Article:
|Katharine Moore in 1989|
Una Katharine Yeo was born in 1898 in Reigate, Surrey. Her father, a rigorous Presbyterian, worked in London in insurance. In her memoir Queen Victoria is very ill (1988) Katharine summarises the religious atmosphere in which she was brought up. 'God and Jesus . . . roughly corresponded to my father and mother. God and my father were all-powerful and all-knowing: they gave orders and had to be obeyed; sometimes they shouted. My father could not shout so loudly as God when it thundered, but he had a good try. Jesus and my mother never shouted, and they loved me whatever I did, though they too liked to be obeyed.'
|Lady Margaret Hall today|
Her degree equipped Katharine for her future work as a teacher and writer and a short interlude after university, working in the Lady Margaret Hall Settlement in Lambeth, was an eyeopener about poverty for a middle-class girl. Very shortly afterwards, however, Katharine's time was to be fully taken up by different responsibilities. In 1922, she married Dr Harold Moore, a widower twenty years her senior with three young girls, and soon she herself had twins, Jane and Christopher, for whom she wrote her first children's book, Moog, in 1936, with illustrations by Jane. This was followed by a series of educational books for children. Her marriage was very happy and her husband - later a CBE and the first president of the Institution of Metallurgists - continued the supportive tradition of the men in her family.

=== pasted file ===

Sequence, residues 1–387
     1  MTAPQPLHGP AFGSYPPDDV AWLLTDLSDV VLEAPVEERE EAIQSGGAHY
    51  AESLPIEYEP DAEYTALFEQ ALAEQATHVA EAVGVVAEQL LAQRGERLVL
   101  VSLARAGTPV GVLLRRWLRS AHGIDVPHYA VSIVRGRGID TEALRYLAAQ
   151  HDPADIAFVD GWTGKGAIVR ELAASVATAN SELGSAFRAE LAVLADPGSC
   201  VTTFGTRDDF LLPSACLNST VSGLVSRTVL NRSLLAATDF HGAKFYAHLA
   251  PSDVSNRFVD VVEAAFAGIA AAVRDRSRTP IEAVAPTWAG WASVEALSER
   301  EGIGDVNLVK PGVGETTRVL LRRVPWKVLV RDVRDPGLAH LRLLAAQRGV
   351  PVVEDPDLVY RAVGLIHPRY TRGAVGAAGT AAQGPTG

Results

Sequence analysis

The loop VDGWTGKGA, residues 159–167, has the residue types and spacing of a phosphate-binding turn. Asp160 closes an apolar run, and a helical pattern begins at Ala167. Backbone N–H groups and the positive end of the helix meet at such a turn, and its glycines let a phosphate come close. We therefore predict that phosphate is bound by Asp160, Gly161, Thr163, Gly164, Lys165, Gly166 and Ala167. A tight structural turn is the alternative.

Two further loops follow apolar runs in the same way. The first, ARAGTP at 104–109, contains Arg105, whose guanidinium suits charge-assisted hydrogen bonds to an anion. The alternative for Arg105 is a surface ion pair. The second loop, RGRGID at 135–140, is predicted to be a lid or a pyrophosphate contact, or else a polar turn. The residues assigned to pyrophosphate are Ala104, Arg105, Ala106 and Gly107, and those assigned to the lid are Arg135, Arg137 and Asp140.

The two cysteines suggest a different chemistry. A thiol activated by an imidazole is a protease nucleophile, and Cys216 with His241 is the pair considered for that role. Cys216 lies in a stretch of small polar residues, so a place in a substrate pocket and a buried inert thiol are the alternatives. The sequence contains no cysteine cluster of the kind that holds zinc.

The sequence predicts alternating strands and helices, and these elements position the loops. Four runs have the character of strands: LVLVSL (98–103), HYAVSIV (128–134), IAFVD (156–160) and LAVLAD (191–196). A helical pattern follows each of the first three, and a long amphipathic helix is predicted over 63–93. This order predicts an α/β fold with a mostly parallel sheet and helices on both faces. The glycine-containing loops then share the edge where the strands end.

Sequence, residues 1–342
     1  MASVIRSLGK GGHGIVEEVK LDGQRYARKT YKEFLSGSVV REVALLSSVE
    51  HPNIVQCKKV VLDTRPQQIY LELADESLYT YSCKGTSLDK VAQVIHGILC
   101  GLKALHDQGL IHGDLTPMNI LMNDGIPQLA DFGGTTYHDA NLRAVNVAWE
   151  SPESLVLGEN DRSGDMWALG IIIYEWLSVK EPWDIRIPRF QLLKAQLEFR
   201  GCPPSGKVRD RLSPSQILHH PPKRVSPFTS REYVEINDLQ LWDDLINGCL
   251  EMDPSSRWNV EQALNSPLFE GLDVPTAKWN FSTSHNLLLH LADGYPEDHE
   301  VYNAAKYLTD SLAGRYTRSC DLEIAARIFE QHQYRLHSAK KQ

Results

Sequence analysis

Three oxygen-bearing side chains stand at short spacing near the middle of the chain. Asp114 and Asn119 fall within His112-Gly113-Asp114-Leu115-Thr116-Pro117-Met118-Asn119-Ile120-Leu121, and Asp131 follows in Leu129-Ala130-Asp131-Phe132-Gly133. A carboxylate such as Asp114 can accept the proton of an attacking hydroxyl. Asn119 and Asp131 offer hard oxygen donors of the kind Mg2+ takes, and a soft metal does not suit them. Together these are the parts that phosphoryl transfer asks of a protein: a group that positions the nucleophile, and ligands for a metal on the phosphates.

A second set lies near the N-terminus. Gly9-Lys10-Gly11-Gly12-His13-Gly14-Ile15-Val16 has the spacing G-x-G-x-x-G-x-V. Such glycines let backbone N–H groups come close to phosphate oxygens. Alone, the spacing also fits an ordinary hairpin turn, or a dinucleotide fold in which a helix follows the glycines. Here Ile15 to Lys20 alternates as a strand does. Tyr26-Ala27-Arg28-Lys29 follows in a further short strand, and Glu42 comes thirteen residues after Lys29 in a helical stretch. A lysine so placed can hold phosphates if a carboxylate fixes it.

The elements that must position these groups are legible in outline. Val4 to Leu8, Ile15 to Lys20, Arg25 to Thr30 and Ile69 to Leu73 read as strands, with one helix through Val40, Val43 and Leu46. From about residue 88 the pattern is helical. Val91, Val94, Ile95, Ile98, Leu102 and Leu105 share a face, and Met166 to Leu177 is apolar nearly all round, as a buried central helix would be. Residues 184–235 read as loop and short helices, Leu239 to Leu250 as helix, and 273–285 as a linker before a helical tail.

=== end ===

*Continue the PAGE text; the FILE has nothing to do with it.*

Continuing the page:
|Walthamstow Hall school|
In 1947 Katharine and Harold's son Christopher, then 23, was drowned in a holiday accident. Katharine spoke of the terrible loss as dividing her life in two, but she strove for, and ultimately attained, the goal of turning suffering to good account, gaining a depth of understanding of other people's tragedies. She was very busy with her family but always found time for teaching, reading and writing - the life of the mind balanced with domestic life.
Katharine Moore's first book for adult readers, influenced by her Quakerism, was an anthology, The Spirit of Tolerance, commissioned by Victor Gollancz in 1964. The titles and subjects of Katharine's later non-fiction books reflect her preoccupation with women's need for independence and her religious development - Cordial Relations: The Maiden Aunt In Fact And Fiction (1966); Victorian Wives (1974); and She For God: Aspects Of Women And Christianity (1978).
As she grew older Katharine continued to develop her writing and thinking. She published her first novel,Summer at the Haven (1983), set in an old people's home with an old lady as its central character, at the age of 85 and received the Authors' Club Silver Quill Award for the most promising first novel of 1984. Her unusual subject came from her own experience - old age and its unacknowledged fears, pleasures and trials - and another two novels on the same theme followed, The Lotus House (1984) and Moving House (1986). Critics were enthusiastic, comparing her to Elizabeth Gaskell, and she gained a devoted following among readers of all ages. After her three full-length novels, she produced a witty and humane collection of short stories, Six Gentle Criminals (1990), and an exercise in historical recreation, A Particular Glory (1994) the fictional biography of Damaris, daughter of John Wesley's friend and mentor Vincent Perronet, vicar of Shoreham, Kent, where Katharine lived.
Katharine Moore remained always involved with life, family, friends, Quakers and the life of the mind, living on until 2001 when she died at the age of 103. "I never had much time for old people," she said in her later years, "so, perhaps, this long life is God teaching me a lesson." Her whole life was a lesson to those who read her books, were inspired by her teaching or knew her as a friend and I am grateful to have been one of that number.